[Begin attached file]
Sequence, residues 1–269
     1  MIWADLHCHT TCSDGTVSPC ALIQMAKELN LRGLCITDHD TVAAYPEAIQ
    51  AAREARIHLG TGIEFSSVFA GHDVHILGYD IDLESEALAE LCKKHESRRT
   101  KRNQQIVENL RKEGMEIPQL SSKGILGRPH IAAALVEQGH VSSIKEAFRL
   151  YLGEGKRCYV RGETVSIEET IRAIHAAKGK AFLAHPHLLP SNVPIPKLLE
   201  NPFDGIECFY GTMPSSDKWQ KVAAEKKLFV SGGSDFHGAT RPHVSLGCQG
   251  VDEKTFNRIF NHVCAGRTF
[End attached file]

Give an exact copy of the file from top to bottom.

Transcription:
Sequence, residues 1–269
     1  MIWADLHCHT TCSDGTVSPC ALIQMAKELN LRGLCITDHD TVAAYPEAIQ
    51  AAREARIHLG TGIEFSSVFA GHDVHILGYD IDLESEALAE LCKKHESRRT
   101  KRNQQIVENL RKEGMEIPQL SSKGILGRPH IAAALVEQGH VSSIKEAFRL
   151  YLGEGKRCYV RGETVSIEET IRAIHAAKGK AFLAHPHLLP SNVPIPKLLE
   201  NPFDGIECFY GTMPSSDKWQ KVAAEKKLFV SGGSDFHGAT RPHVSLGCQG
   251  VDEKTFNRIF NHVCAGRTF